Join me next week as we learn about life under a rock. Until then, happy nature exploring!
Online Nature Study Classes
Your entire family can enjoy nature study classes with Mrs. Cindy via live or recorded videos. The 45-60 minute classes will give your children something fun and valuable to do as science curriculum or on days when momma needs a moment. Join us!
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Would you like to record a voicemail to answer this season’s nature study question?
At the end of each No Sweat Nature Study Podcast episode, Mrs. Cindy includes messages from a few of her friends. You have the opportunity to record a message that she might use on an upcoming episode!
All children must have their parents’ permission before leaving a recording. Parents are welcome to record an answer, too!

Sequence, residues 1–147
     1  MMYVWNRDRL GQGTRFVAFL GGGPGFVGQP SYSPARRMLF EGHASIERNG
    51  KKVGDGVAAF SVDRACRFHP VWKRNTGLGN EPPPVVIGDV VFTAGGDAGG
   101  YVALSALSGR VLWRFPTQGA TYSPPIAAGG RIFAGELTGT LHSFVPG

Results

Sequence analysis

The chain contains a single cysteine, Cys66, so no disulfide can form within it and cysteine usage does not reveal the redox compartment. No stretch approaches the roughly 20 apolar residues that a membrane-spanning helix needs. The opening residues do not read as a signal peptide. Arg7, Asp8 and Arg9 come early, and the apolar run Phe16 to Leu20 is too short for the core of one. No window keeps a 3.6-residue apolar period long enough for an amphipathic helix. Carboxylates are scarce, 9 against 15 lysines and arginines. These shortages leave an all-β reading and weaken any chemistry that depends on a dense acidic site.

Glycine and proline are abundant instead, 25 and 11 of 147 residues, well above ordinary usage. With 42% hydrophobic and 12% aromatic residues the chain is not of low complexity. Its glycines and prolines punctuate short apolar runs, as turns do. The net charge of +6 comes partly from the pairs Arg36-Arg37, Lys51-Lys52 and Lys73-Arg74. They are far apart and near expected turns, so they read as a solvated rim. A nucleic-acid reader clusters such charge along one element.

Each season, there will be a different question to answer. You can see this season’s question below. Think about your answer first and then follow these simple directions:
- Click the button that says “start recording”.
- Tell me your first name. (If you want to tell your age and/or where you live, feel free to do that, too.)
- You will have 60 seconds to answer the question, but try to be concise.
- Push the play button to listen to your recording before sending it to be sure it is recorded properly. If not, simply record it again.